The death toll is rising after a double suicide bomb explosion outside a northwest Pakistan fort, Frontier Constabulary in Charsadda. On Saturday, the reported death toll was 80 people and 150 people injured. Al Jazeera reported, “The bombers had targeted some 900 paramilitary recruits who had just completed their six-month training at the fort and were getting into vehicles” to begin a ten-day leave. The Pakistani Taliban called the incident “‘the first revenge’ for the killing of Osama bin Laden.”

In the Pakistani legislature, a resolution was published demanding “an end to U.S. drone strikes on Pakistan’s territory [and] an independent probe into the May 2, 2011, raid by U.S. forces that killed al-Qaeda leader Osama bin Laden in Abbottabad.”

Though parliament’s proceedings were held “behind closed doors, under tight security, no journalists allowed, Al Jazeera reports that after an initial session on Friday, a “strongly worded resolution came [today] at the end of an on-camera joint sitting of the parliament in Islamabad.”

Criticizing the United States’ raid in Abbottabad, the parliamentary resolution said, “‘unilateral actions cannot advance the global cause of elimination of terrorism.’” It warned that if a repeat operation occurred there would be “‘dire consequences for peace and security in the region and the world…

… [D]rone attacks must be stopped forthwith, failing which the government will be constrained to consider taking necessary steps including withdrawal of [the] transit facility allowed to NATO.’…”

The resolution calls on the Pakistani government to “‘rethink its strategic partnership with the United States …  the country should revisit and review its terms of engagement with the United States, with a view to ensuring that Pakistan’s national interests are fully respected and accommodated.’”

Of critical importance, the resolution noted, is “international cooperation against terrorist groups — [cooperation that is rooted in]  ‘a true partnership approach based on equality, mutual respect, and mutual trust.’”

U.S. drones continued to strike the Afghanistan-Pakistan border

Three people died Friday in suspected U.S. missile strikes in North Waziristan, near the Afghan border, as Pakistani legislators were in closed session drafting the resolution concerning U. S. drones, killings and breach of their sovereignty. On Thursday, at least five people died in a similar U.S. strike that allegedly had “targeted a vehicle in the Datta Khel area of North Waziristan.”

Though U.S. officials avoid confirming drone attacks, the U.S. military and Central Intelligence Agency “are the only forces that deploy [drones] in the region.”

Revenge continued

Six people (est.) died and ten suffered wounds when a bomb planted in a bus exploded in an eastern Pakistani town. The incident occurred close to the garrison town of Kharian, about 130km southeast of the Pakistan capital, Islamabad.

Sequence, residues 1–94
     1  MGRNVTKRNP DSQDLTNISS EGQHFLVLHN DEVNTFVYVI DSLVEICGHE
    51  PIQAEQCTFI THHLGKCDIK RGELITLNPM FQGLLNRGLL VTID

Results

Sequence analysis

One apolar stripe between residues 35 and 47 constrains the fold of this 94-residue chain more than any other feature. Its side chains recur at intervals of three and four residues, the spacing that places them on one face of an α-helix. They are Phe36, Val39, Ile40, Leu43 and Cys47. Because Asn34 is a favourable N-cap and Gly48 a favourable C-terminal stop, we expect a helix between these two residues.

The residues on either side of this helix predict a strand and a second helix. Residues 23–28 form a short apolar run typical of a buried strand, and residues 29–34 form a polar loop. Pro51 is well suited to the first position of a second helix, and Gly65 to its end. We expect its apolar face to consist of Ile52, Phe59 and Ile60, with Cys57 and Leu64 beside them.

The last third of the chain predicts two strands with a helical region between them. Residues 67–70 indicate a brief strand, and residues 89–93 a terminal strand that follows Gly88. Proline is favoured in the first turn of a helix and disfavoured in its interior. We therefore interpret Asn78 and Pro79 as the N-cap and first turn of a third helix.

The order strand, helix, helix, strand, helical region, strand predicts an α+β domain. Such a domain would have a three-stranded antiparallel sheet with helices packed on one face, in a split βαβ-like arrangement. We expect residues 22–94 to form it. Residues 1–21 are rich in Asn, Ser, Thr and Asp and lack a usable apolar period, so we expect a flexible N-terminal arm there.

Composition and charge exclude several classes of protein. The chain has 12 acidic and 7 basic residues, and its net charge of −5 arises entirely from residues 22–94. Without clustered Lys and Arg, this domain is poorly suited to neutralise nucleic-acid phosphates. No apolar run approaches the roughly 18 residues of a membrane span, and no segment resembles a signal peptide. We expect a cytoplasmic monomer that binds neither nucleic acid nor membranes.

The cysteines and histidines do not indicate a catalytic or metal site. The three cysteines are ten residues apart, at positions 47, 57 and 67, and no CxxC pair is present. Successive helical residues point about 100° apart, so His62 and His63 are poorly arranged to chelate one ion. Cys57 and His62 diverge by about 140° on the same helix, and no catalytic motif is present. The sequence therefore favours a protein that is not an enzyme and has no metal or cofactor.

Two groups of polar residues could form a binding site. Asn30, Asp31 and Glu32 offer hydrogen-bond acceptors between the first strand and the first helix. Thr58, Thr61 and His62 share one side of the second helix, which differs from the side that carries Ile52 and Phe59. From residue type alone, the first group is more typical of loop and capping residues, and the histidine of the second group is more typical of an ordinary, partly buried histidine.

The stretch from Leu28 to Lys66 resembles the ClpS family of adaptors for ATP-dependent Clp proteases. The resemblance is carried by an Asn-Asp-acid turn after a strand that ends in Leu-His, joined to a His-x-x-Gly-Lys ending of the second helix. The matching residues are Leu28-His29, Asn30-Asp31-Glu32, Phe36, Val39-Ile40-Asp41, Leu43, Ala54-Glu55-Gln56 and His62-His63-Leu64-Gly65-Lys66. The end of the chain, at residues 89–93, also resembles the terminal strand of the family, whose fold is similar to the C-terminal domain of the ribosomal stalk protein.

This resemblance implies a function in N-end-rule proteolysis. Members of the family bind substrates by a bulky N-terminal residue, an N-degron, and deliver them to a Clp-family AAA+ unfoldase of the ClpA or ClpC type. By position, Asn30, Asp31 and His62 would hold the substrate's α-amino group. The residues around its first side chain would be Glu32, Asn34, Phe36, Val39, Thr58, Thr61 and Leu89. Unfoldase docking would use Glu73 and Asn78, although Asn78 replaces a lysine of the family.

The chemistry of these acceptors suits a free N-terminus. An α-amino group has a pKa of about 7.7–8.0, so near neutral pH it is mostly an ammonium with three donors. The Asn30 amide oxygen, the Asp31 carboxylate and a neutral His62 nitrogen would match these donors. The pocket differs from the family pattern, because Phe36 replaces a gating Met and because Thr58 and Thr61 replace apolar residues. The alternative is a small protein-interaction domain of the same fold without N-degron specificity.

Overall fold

Fighting continued last weekend in Afghanistan’s Kandahar province. Killings of 22 people last Sunday left the streets of Kandahar city, the economic hub of southern Afghanistan, deserted. Among the dead were reportedly “18 fighters.” Press reports said foreign forces had discovered “eight vehicles packed with explosives.”

This state of affairs constitutes a criminal loss of liberty in the Middle East and beyond — crossing continents of Asia and Africa and into Europe north of the Mediterranean. 

There can be no development and human progress living in these conditions. No one can live under endless war, occupation, attack and counterattack, hit and hate, conditions in which the average person exists in a state of fear and flux, displacement, homelessness, often statelessness —  a place where a young girl, for example, never knows the who or what or when or where or why or how of “safe.” 

Moreover, the invaders and occupiers, the war makers and makers of conflict among neighbors cannot be free or without fear until all are free in these lands.  

Sources and notes


PHR’s report “Do No Harm: A Call for Bahrain to End Systematic Attacks on Doctors and Patients” findings are based on a one-week investigation (April 2-8, 2011) that included 47 in-depth interviews with patients, physicians, nurses, medical technicians, and other eyewitnesses to human rights violations.  Written PHR Deputy Director Richard Sollom and Tarrant County, Texas senior forensic pathologist and chief medical examiner Nizam Peerwani, the report concludes with policy recommendations for Bahrain, the Unites States, and the United Nations. http://bahrain.phrblog.org/report/

“PHR Advocates for Stronger Government Action on Human Rights Abuses in Bahrain” (Andrea Gittleman), May 13, 2011, http://phrblog.org/blog/2011/05/13/phr-advocates-for-stronger-government-action-on-human-rights-abuses-in-bahrain/?utm_source=feedburner&utm_medium=feed&utm_campaign=Feed%3A+HealthRightsAdvocate%2Fentries+%28Health+Rights+Advocate%3A+Advancing+health%2C+dignity+and+justice%29

PHR’s most recent report is “Do No Harm: A Call for Bahrain to End Systematic Attacks on Doctors and Patients,” which provides forensic evidence of systematic and calculated attacks on physicians, medical staff, patients and unarmed civilians

Motivated by moral urgency, based on science, and anchored in international human rights standards, Physicians for Human Rights (PHR)’s advocacy advances global health and protects human rights.

Using medical and other scientific methods, PHR investigates and exposes violations of human rights worldwide and works to stop them. PHR’s researchers go into conflict zones, to AIDS-ravaged Africa, to U.S. detention centers, to mass graves in Afghanistan. Its advocacy enters offices of national and international policymakers. http://phrblog.org/about/

“NATO Secretary General responds to criticisms about the Libya mission”
“Activists condemn Obama administration’s silence on Bahrain crackdown”
“In Syria, tanks surround mosques as thousands of people continue their protests (News Segments) May 13, 2011, http://fsrn.org/category/2/5


“Yemen on the brink — Can the members of the GCC revive their initiative to resolve the crisis?” (Inside Story), May 14, 2011, http://english.aljazeera.net/programmes/insidestory/2011/05/20115121511383581.html


“Refugees march to return — given their history, it’s easy for one to assume that Palestinians will play a central role in any larger uprising in the Arab world. After this weekend, that role should be clear” (Matthew Cassel OPINION, The Electronic Intifada) May 13, 2011, http://electronicintifada.net/content/refugees-march-return/9946